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Age Rage and the Innocence of Muslims

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Essorant
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25 posted 09-19-2012 02:45 PM       View Profile for Essorant   Email Essorant   Edit/Delete Message      Find Poems   Click to visit Essorant's Home Page   View IP for Essorant

Unfortunately there are some deviant hadiths used to try to justify treating blasphemy as a punishable crime, but the overall practices of Muhammad, and the Quran, express the complete opposite in response to insults, mockery, ridicule, etc.



"Indeed, We (Allah) are sufficient for you against the mockers" (15:95)

"And the servants of (Allah) Most Gracious are those who walk on the earth in humility, and when the ignorant address them, they say, 'Peace!' " (25:63)

"And when they [the righteous] hear Al-Laghw (dirty, false, evil vain talk), they withdraw from it and say: "To us our deeds, and to you your deeds. Peace be to you. We seek not the ignorant." (28:55)

"And do not obey the disbelievers and the hypocrites but do not harm them, and rely upon Allah. And sufficient is Allah as Disposer of affairs." (33:48)

It was by the mercy of Allah that thou wast lenient with them (O Muhammad), for if thou hadst been stern and fierce of heart they would have dispersed from round about thee. So pardon them and ask forgiveness for them and consult with them upon the conduct of affairs. And when thou art resolved, then put thy trust in Allah. Lo! Allah loveth those who put their trust (in Him). (3:159)

It is in the Old Testament, not the Quran, that blasphemy is treated as punishable and punishable by death:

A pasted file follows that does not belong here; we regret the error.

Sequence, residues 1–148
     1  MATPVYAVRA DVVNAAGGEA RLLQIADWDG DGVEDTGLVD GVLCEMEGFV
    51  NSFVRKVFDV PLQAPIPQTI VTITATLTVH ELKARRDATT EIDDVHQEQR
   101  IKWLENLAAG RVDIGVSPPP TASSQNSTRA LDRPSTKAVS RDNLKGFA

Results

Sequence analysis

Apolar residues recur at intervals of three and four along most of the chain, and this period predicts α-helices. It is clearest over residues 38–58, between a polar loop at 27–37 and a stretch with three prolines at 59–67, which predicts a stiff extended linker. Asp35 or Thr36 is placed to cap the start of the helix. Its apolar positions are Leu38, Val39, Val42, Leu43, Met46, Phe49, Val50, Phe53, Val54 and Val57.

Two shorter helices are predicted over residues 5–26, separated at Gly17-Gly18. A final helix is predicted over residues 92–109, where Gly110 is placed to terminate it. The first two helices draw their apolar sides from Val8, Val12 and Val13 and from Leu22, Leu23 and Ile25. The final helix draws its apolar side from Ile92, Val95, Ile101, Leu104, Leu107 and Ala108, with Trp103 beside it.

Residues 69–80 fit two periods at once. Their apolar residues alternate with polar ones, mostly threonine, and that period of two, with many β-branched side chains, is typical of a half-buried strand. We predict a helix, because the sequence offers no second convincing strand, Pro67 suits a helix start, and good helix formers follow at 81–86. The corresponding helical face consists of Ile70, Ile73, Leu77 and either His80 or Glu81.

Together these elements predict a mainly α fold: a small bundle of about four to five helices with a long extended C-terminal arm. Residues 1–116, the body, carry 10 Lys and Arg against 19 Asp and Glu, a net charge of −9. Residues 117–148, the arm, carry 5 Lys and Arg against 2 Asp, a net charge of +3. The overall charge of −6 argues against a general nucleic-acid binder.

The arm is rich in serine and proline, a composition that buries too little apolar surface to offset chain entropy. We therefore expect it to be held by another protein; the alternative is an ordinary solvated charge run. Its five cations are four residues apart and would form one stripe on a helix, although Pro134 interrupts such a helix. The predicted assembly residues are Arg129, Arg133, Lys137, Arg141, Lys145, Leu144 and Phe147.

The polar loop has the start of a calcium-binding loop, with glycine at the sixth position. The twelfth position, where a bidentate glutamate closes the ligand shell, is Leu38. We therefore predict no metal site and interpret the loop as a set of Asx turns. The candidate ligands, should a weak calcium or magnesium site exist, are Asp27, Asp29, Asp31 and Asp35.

"And he that blasphemeth the name of the Lord, he shall surely be put to death, and all the congregation shall certainly stone him: as well the stranger, as he that is born in the land, when he blasphemeth the name of the Lord, shall be put to death." (Leviticus 24:16)
 
Huan Yi
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26 posted 09-19-2012 03:00 PM       View Profile for Huan Yi   Email Huan Yi   Edit/Delete Message      Find Poems  View IP for Huan Yi

.


Did the Prophet Muhammad make war, have people
killed?  Did Jesus?


.
moonbeam
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27 posted 09-19-2012 03:38 PM       View Profile for moonbeam   Edit/Delete Message      Find Poems  View IP for moonbeam

You only have to spend an hour in the company of a C of E Bishop (half drunk) or a Mullah (half asleep) or a Rabbi, or even a couple of hours on Google to realise that the Quran, the Old Testament and the New Testament can be twisted to project any message you wish.  Quoting passages back and forth at each other is a total waste of time.  

As for Muhammad, he was a prophet, but also indisputably a man, subject to all the weakness of men.  Jesus, well, assuming that the guy actually existed at all as portrayed in the Bible, he certainly wasn’t a man as we know men; and the comparison therefore isn’t a fair one.  

It would be more appropriate to compare Muhammad with, say, Richard I of England: a wonderful Christian and Muslim slayer, or as wiki puts it, “a pious hero”.
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28 posted 09-19-2012 05:09 PM       View Profile for Huan Yi   Email Huan Yi   Edit/Delete Message      Find Poems  View IP for Huan Yi

.


"It would be more appropriate to compare Muhammad with, say, Richard I of England"


I can think of a number of places I wouldn't
openly do that; far many more than where I
could not do as much or worst with Christ.


"he certainly wasn’t a man as we know men; and the comparison therefore isn’t a fair one."  


Because he didn't approve murder?


PS: I think the consensus is that Jesus did exist.


.

[This message has been edited by Huan Yi (09-19-2012 05:41 PM).]

Essorant
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29 posted 09-20-2012 02:57 AM       View Profile for Essorant   Email Essorant   Edit/Delete Message      Find Poems   Click to visit Essorant's Home Page   View IP for Essorant